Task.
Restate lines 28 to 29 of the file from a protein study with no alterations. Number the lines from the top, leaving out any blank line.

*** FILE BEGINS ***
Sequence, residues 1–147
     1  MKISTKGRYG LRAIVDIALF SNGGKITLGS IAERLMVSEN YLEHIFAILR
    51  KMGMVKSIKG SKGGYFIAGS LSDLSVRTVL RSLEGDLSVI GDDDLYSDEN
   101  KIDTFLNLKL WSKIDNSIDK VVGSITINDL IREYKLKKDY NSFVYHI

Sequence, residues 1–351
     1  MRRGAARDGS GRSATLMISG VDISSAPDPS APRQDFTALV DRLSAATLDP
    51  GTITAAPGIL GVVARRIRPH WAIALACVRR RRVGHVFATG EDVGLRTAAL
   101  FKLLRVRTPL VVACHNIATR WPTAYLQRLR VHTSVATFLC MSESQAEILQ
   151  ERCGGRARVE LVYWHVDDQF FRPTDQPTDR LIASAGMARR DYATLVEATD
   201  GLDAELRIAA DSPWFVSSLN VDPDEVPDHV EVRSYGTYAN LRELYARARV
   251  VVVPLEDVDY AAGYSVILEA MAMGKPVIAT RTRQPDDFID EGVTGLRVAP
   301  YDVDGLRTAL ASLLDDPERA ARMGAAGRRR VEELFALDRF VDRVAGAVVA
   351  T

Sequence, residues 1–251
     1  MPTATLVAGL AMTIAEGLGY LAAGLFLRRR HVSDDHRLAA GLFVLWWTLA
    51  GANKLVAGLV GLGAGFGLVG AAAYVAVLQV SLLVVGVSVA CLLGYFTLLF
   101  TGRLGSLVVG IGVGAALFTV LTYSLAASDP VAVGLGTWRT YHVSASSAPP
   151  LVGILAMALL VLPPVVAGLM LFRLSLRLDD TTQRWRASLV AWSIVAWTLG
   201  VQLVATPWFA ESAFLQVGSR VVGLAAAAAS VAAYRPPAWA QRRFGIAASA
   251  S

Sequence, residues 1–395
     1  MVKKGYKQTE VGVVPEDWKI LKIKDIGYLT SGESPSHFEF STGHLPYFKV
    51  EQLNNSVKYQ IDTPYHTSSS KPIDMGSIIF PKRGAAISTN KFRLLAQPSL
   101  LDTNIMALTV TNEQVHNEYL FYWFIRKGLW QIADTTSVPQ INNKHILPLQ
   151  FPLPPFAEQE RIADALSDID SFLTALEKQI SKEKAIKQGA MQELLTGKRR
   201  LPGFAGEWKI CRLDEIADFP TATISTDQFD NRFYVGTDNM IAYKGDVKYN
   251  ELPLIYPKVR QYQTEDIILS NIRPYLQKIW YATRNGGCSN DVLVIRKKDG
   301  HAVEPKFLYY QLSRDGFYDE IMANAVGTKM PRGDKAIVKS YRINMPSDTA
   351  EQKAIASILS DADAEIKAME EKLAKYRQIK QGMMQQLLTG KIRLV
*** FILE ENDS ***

   301  HAVEPKFLYY QLSRDGFYDE IMANAVGTKM PRGDKAIVKS YRINMPSDTA
   351  EQKAIASILS DADAEIKAME EKLAKYRQIK QGMMQQLLTG KIRLV